Distracted driving in the UK has never been allowed, and the penalties are devastating. Yet, many people still break the law every day, and more drivers now think making a call behind the wheel is acceptable than in 2014.
Distracted driving doesn't just result in near misses or silly mistakes. Brake, the road safety charity, reported that in 2016, there were 1,445 fatal crashes. Out of these, police recorded 397 incidences of "failure to look" and 140 incidences of "in-vehicle distractions, distractions outside the vehicle, and phone use." That means almost a third of those fatal crashes might have been preventable.
What is the mobile phone law in Britain, and how can you ensure your fleet upholds it and protects themselves and other drivers? Keep reading to learn more.
The UK banned the use of mobile phones behind the wheel back in 2003, and the effort to continue ban phones has not dissipated.
In 2016, Prime Minister Theresa May pledged to make using phones as socially unacceptable as drink-driving.
What does the law saw? It says that no driver is allowed to touch or hold their mobile or sat nav while driving in any circumstances.
Instead, you can only use 'hands-free' options. These include:
If you mount your device, it must not obstruct your view. Usually, that means keeping it off your windscreen when possible or placing in the lower, central part of your windscreen.
The mobile ban doesn't just apply on motorways. You cannot use one even when you're queuing in traffic or stopped at lights. If you are supervising a learner driver, then you are considered the primary driver, and you may not use a mobile phone.
Police are within their rights to stop you if they have reason to believe you are distracted by your phone.
There are only two times you can use your phone.
The first is if you are safely parked either in a car park or on a shoulder or lay-by.
The second is if you need to ring the emergency services, but you cannot stop. In this case, stopping needs to either be unsafe or impractical.
If you get caught using your hand-held device, you receive a £200 fine and six penalty points on your first violation. That means if you are caught using your phone twice in three years, then you lose your license.
The police may also assign three points in cases where you don't have full control of the vehicle or if a device obstructs your view.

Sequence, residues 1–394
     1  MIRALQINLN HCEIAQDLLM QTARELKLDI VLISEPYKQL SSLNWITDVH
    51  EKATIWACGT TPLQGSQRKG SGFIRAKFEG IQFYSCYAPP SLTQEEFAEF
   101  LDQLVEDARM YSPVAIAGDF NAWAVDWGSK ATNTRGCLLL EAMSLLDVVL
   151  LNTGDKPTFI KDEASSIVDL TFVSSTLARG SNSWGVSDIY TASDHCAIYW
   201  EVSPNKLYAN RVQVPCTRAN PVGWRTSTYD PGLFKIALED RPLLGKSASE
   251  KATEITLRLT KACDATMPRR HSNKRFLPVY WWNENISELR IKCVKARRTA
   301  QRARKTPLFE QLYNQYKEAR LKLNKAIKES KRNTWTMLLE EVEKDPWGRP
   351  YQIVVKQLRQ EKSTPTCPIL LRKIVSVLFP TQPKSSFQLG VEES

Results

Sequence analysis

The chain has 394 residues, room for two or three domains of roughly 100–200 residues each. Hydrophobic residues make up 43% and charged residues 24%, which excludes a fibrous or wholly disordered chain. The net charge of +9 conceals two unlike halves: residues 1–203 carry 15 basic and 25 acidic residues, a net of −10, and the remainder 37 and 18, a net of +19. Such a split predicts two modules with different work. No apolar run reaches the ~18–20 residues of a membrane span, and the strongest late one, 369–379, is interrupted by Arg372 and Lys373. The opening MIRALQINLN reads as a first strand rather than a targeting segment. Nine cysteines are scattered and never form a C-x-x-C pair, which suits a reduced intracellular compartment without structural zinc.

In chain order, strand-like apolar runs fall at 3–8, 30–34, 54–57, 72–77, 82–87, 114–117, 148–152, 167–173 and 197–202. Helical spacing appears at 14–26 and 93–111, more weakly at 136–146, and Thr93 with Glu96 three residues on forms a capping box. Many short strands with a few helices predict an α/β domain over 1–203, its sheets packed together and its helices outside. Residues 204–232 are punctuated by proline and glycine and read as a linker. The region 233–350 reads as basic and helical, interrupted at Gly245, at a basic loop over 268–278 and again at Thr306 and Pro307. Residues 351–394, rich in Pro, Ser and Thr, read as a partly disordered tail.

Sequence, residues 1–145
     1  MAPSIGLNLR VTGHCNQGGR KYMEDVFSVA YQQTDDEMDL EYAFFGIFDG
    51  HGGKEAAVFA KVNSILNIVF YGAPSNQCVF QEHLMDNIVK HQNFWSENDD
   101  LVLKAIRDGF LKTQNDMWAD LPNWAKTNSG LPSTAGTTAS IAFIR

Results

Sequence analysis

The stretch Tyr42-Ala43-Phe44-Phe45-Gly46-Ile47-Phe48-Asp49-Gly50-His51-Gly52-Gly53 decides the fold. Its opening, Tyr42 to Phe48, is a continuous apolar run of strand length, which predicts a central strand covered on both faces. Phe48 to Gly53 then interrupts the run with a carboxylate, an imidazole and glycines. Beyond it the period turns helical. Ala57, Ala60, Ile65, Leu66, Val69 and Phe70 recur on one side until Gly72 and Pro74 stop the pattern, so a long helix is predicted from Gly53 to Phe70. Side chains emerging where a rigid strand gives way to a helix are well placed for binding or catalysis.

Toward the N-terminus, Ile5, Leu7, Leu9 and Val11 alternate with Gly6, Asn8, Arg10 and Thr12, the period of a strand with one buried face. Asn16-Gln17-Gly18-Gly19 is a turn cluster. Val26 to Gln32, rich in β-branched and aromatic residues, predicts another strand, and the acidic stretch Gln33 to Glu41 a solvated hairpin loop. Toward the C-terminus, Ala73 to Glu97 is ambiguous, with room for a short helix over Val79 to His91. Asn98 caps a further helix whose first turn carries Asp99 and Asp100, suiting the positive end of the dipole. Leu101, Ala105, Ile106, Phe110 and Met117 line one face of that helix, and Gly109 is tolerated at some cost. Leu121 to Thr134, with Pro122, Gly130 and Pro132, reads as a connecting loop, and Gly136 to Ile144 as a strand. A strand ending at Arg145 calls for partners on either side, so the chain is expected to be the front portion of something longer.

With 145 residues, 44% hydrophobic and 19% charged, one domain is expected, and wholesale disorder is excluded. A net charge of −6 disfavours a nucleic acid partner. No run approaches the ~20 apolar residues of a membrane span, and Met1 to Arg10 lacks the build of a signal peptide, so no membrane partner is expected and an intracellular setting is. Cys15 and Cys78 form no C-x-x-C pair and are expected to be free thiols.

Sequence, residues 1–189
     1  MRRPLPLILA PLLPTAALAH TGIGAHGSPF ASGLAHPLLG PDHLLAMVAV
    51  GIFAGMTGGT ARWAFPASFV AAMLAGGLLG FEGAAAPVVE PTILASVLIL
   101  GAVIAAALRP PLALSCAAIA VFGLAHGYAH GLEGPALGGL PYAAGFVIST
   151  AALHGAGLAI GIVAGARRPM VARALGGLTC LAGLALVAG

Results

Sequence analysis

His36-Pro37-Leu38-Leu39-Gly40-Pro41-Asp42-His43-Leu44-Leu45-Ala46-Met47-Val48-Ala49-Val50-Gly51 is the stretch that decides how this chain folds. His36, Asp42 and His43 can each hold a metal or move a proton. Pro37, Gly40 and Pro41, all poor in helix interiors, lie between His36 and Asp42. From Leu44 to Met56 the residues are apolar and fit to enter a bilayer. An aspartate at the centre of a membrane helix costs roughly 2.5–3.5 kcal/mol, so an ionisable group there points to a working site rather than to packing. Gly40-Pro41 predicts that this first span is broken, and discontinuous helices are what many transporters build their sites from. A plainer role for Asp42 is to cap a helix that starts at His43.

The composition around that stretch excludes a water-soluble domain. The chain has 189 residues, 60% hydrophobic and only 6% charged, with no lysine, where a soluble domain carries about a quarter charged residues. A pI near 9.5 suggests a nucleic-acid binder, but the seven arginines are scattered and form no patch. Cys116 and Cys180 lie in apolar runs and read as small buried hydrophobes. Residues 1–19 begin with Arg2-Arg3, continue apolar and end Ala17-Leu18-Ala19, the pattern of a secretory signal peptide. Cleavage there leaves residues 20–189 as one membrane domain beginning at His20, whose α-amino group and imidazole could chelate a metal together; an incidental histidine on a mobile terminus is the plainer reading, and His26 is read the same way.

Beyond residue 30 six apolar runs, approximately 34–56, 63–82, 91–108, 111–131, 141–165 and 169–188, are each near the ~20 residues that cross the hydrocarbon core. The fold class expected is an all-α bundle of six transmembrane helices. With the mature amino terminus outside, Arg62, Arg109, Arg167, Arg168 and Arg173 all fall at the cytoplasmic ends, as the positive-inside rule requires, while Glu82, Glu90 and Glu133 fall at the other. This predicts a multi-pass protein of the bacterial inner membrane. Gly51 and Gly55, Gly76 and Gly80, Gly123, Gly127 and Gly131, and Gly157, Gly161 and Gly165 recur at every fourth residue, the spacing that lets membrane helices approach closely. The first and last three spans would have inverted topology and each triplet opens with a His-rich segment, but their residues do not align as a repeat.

The penalties are particularly severe if you are a new driver or driving a fleet vehicle. New drivers who passed their test in the past two years lose their license if caught using their mobile. Drivers behind the wheel of a lorry or bus see fines of up to £2,500 (if taken to court).
Should the police determine mobile phone use contributed to an accident, the offending motorist can lose their license for two years. If the accident resulted in a death, the driver could spend years in prison. The government suggested 14-years to life could be a possible new standard.
If you operate a fleet of vehicles in Britain, it is vital that you impress upon your drivers the need to follow Britain's hands-free law. After all, the Health and Safety at Work Act of 1974 says that you have "duty of care" for your employee's safety and for the protection of those they interact with, such as other road users while driving.
A company policy that reflects the government's wish to make it as anti-social as drink driving is just one place to start.
You can use Road Safety GB's example. It includes a list of obligations for everyone using company vehicles as well as two appendixes: one for mobile phones and sat navs and a second for drink driving.
Your policy should outline times where it is safe and appropriate to use mobile phones and sat nav. It should also include any time where the driver might be subject to employer disciplinary proceedings to make sure drivers understand the professional consequences of using their phones behind the wheel.
In addition to your policy, you should practice what you preach. Don't expect fleet drivers to return calls immediately when they are on the road, and you certainly shouldn't penalise them for waiting until they reach a safe place to pick up or return a call.
At the same time, you can't be with your drivers at all times. And given the long hours some can spend on the road, you should consider an extra layer of insurance to protect your colleagues, other drivers, and your business. You might also consider using anti-distraction software in each vehicle. The software blocks incoming calls and texts to remove the temptation to pick up the phone.
The UK's mobile phone law is clear: You cannot pick up a mobile phone or sat nav when the car is in motion or even when sitting in traffic or at a light.
Doing so comes with enormous risks for other motorists and the potential for severe fines and the potential loss of a license.
Modelling safe driving practices starts at the top. Your company policy should make your expectations clear, and you should foster an environment that encourages your teams to switch their phones off when possible.
Anti-distraction apps can also help them be more responsible. Click here to check out our app to learn more about how you can help fulfil your duties to make the road a safer place to be.